Dancing the Do-si-do
Have you ever noticed that in general, we British are pretty bad at either taking a compliment or at fending off sniping remarks by negative people? We do what the Winning Edge calls the ‘Justification Dance.’ It’s a funny concept really when you think about it, this notion that for some reason it’s necessary for us to justify our success or good points as well as to feel the need to justify our actions and choices, should someone disagree with them, judge them, or maybe have nothing better to do than make a throwaway negative comment.
What’s your favourite move?
There are two types of justification dance: firstly, to avoid the “embarrassment” of success and the feeling your good fortune somehow disadvantages others, we often counter generous remarks from positive people who are recognising and genuinely praising our achievements, by answering in a self-deprecating manner. Whilst this is very humble and noble, your self-esteem deserves for you to accept praise and you should be positive to ensure a strong sense of self-worth. There is no reason not to accept people’s kind and positive comments but here are a few examples of how we don’t accept them graciously:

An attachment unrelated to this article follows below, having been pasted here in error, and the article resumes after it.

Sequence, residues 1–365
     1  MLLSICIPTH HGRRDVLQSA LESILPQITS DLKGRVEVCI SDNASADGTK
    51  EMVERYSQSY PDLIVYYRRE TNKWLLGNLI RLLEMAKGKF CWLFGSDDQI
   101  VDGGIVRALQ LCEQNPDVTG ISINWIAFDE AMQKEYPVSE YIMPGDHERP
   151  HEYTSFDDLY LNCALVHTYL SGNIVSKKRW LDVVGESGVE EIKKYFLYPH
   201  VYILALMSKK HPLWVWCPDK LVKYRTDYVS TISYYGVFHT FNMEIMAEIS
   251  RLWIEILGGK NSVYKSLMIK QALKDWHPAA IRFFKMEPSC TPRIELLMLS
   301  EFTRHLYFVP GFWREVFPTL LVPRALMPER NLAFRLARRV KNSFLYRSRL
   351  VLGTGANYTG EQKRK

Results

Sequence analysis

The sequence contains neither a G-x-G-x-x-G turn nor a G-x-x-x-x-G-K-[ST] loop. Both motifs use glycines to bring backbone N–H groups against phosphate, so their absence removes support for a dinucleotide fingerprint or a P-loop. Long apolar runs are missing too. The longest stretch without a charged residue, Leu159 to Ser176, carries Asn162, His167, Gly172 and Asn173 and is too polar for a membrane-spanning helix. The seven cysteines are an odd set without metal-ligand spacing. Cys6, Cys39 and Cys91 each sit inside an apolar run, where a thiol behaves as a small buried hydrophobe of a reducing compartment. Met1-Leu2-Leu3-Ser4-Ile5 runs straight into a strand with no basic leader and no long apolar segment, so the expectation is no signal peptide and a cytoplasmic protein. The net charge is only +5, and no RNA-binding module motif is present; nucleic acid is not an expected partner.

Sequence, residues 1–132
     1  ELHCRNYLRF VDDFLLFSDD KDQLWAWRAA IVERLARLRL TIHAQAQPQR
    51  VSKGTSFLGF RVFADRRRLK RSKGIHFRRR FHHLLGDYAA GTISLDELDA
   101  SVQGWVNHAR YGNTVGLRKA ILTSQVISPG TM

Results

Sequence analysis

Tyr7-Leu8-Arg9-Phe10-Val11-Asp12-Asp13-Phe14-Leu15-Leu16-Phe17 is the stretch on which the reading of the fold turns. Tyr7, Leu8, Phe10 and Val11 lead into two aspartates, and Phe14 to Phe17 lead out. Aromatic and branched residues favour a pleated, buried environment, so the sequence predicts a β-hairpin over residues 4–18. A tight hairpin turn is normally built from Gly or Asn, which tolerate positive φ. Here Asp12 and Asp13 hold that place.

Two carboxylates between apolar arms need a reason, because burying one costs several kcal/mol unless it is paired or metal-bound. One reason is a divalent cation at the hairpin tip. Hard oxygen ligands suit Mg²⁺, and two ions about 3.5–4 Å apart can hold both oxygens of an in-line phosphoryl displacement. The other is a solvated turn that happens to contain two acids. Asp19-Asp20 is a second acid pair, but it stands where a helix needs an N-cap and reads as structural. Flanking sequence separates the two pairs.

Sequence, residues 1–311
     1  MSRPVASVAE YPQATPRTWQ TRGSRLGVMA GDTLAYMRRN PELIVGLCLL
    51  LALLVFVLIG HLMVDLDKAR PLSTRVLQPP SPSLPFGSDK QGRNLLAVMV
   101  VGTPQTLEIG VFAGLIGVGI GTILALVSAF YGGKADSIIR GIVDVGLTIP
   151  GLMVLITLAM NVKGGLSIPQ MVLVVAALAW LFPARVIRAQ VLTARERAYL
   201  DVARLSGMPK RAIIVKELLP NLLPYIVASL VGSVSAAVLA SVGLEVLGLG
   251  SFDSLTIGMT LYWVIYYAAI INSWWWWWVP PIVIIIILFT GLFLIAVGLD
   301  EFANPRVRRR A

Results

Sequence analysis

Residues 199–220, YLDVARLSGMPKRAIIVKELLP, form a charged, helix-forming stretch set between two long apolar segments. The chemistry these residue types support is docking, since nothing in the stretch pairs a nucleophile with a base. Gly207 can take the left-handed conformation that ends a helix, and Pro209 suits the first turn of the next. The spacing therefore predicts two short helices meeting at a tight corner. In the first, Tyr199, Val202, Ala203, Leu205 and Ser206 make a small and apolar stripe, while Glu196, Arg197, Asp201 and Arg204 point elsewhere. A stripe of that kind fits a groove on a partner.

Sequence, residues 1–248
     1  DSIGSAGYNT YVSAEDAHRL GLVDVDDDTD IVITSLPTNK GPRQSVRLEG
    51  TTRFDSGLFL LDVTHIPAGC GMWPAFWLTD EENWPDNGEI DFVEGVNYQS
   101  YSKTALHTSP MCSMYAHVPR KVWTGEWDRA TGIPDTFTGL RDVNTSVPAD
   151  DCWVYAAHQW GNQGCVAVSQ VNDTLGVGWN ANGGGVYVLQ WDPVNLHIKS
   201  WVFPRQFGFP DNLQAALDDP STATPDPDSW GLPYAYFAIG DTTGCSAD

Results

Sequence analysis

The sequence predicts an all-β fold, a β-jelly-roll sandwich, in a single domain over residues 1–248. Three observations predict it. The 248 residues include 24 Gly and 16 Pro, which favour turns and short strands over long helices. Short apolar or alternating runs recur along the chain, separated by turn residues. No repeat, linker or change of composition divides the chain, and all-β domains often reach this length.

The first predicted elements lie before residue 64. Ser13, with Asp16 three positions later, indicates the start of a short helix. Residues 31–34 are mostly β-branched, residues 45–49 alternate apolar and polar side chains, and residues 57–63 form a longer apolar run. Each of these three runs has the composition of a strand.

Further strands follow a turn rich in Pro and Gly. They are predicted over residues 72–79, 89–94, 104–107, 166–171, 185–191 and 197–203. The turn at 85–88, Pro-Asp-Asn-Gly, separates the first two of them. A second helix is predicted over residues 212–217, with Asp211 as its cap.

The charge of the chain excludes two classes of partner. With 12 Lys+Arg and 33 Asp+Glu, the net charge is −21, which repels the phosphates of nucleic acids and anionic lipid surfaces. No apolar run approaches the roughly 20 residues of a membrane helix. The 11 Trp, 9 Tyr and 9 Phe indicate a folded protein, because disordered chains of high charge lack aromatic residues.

“Your new kitchen is gorgeous!” “Well, the old kitchen was 15 years old and getting a bit tired -looking, so we made a few sacrifices and saved hard to get it,” or “So, you’re off to the Seychelles next year. That’s fantastic!” “It’s really only because it’s a big anniversary year. It’s a bit of an extravagance but we thought we’d treat ourselves.”
The best way to avoid the justification dance in these examples is to reply with an enthusiastic, “Thank you, I’m / we’re thrilled to bits!” This response underpins your self-esteem and properly rewards the other person for their generous recognition.
Beware of the sniper
The second reason for the verbal fancy footwork of the justification dance, is to fend-off the sniping remarks of negative people who enjoy watching you squirm as you justify yourself. However, the more you do the justification dance, the more these mean-spirited people will bait you. For example:
“A new car already?! Surely you hadn’t had the last one long. Was the ashtray full?!” “Your new car must be very heavy on petrol!” “Well, yes but it was a good deal. I can get over 35 mpg and it’s very comfortable on a journey,” or “The depreciation will hit you.” “Yes, but when you spread it over three years and take the lower insurance into account, it’s not too bad.”
This sort of justification dance is pointless because you’re scrabbling around for explanations and the excitement of the chase will only motivate the other person to search for more chinks in your self-esteem armour. I find the best strategy against snipers is the dignity of enthusiastic, smiling agreement and quite frankly, having a bit of fun…: “A new car already?! It must be very heavy on petrol!” “Yes, extravagant isn’t it?! The fuel consumption is ridiculous!” or “The depreciation will hit you…” “Yes. Probably!” Oh, how I smile to myself as they flounder in surprise at your response.